Pandemic Prediction Checklist: H5N1
Pandemic Prediction Checklist: Monkeypox
Correlation does imply some sort of causal link.
For guessing its direction, simple models help you think.
Controlled experiments, if they are well beyond the brink
Of .05 significance will make your unknowns shrink.
Replications prove there’s something new under the sun.
Did one cause the other? Did the other cause the one?
Are they both controlled by something already begun?
Or was it their coincidence that caused it to be done?
Gut check before reading the article: this sounds like a way to prank credulous SWEs by convincing them to make little LED hats to shine on their foreheads.
Summary of shallow dive
A lot of the early evidence for cognitive benefits in healthy individuals come from a set of small, older studies by a single research group showing pretty small effects.
But then in 2022, much better evidence came out showing medium effect size benefits for visual working memory in 90 healthy subjects in Science Advances, by a different research team in double-blind sham-controlled trials.
But this was no LED on the forehead. It was a 12-minute exposure to a medical device laser at one-fifth the skin’s maximum permissible exposure, with the laser light striking a 4 cm diameter patch of skin. Medical device lasers are quite expensive. It would probably be fairly easy to self-apply, which is a huge advantage. On the other hand, you can definitely hurt yourself with a laser, and the high cost/modest-and-uncertain benefits make this a questionable-seeming investment.
I’m very curious to know how the effects on cellular respiration (the purported mechanism of action) compare to daylong exposure to sunlight.
I think these researchers are “no evidencing” the risks. In the short run, I buy that this is a low-risk intervention. In the long run, increasing the rate of cellular respiration and producing ROS as a result seems like it could set you up for negative health effects. I’m not confident in that, but this is a very low-evidence realm for both benefits and potential harms.
RE: the hacker news quote, it’s cheap to try rigging up an 850 nm LED to a watch battery and sticking it on your forehead under a beanie. Try making two identical LED beanies, one with an 850 nm LED and one with a 400 nm LED (placebo), and do a self-blinded sham-controlled trial.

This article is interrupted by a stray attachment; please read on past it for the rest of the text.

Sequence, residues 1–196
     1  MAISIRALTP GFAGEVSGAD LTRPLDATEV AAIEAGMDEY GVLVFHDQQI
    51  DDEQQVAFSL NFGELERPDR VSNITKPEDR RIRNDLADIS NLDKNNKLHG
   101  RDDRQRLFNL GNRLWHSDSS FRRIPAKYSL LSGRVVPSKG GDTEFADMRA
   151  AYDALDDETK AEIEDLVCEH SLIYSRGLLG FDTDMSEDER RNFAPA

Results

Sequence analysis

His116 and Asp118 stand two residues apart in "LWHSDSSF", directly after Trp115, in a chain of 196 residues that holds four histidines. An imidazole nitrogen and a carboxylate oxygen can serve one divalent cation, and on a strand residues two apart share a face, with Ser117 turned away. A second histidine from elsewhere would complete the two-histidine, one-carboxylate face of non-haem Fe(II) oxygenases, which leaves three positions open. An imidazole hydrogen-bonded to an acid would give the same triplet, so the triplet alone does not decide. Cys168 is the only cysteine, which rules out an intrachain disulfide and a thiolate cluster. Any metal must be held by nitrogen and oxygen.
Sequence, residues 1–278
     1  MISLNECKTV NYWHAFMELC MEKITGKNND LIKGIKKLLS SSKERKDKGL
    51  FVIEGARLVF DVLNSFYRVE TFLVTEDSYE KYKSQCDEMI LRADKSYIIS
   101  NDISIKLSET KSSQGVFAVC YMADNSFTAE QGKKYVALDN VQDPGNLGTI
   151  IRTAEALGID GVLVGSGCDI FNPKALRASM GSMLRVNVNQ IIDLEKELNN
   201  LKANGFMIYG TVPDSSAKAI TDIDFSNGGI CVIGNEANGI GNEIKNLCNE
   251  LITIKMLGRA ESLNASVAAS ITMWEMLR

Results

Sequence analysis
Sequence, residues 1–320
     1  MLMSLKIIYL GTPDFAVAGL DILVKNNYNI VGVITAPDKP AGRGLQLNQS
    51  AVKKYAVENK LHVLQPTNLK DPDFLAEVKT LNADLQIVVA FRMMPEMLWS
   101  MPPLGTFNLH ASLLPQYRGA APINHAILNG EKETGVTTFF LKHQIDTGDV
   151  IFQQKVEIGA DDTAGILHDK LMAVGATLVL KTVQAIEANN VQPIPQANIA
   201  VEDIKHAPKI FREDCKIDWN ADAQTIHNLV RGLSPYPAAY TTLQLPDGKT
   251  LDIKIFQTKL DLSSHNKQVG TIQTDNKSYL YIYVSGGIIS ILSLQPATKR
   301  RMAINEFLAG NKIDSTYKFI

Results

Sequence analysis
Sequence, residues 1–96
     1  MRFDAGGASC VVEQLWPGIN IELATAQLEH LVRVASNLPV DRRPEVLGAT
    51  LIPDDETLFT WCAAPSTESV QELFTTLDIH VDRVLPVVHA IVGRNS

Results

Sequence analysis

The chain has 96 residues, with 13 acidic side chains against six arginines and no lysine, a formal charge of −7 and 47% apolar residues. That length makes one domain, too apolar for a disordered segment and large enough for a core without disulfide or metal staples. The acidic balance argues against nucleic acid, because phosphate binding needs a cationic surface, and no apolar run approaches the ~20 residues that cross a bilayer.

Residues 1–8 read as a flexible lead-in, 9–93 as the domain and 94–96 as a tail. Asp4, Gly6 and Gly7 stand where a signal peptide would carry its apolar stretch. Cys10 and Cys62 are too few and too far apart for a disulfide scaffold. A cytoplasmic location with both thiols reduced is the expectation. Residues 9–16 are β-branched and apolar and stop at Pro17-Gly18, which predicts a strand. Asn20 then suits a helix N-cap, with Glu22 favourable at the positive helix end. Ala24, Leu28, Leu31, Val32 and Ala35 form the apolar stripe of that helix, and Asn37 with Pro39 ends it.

But I wouldn’t take this commenter’s word for it—the size of the claimed effect is much bigger than literature reports, the intervention far less powerful and controlled, the evidence nil. Sounds like it’s straight made up at worst, and a placebo effect at best. But I could be wrong!
Unedited record of an hour-long shallow dive
OK, let’s have a sympathetic look. 127 citations, and the paper isn’t just a one-off. It’s called “Brain photobiomodulation,” and involves using red to near-infrared light, primarily to treat neuro/psych conditions. There are a decent number of underlying citations.
The mechanistic thesis is that these wavelengths stimulate the mitochondrial electron transport chain, the most important producer of energy in the cell. Specifically, the terminal enzyme of the ETC, CCO, has heme and copper centers, which respectively absorb light best at 620, 655, 680, 760, and 825 nm. Light shining on this enzyme is absorbed by these metal centers, exciting their electrons, destroying inhibitory nitrous oxide in the center of the enzyme. Higher wavelengths, including 980 nm, 1064, 1068, and 1072 nm have shown benefits in other studies. There’s a balance between the tendency of light to scatter through tissue vs. its ability to be absorbed by relevant enzymes at specific wavelengths.
A potential downside is that this would tend to increase reactive oxygen species, which are purported to be a driver of aging, standing in contrast to the claims of “no negative side effects” in this article.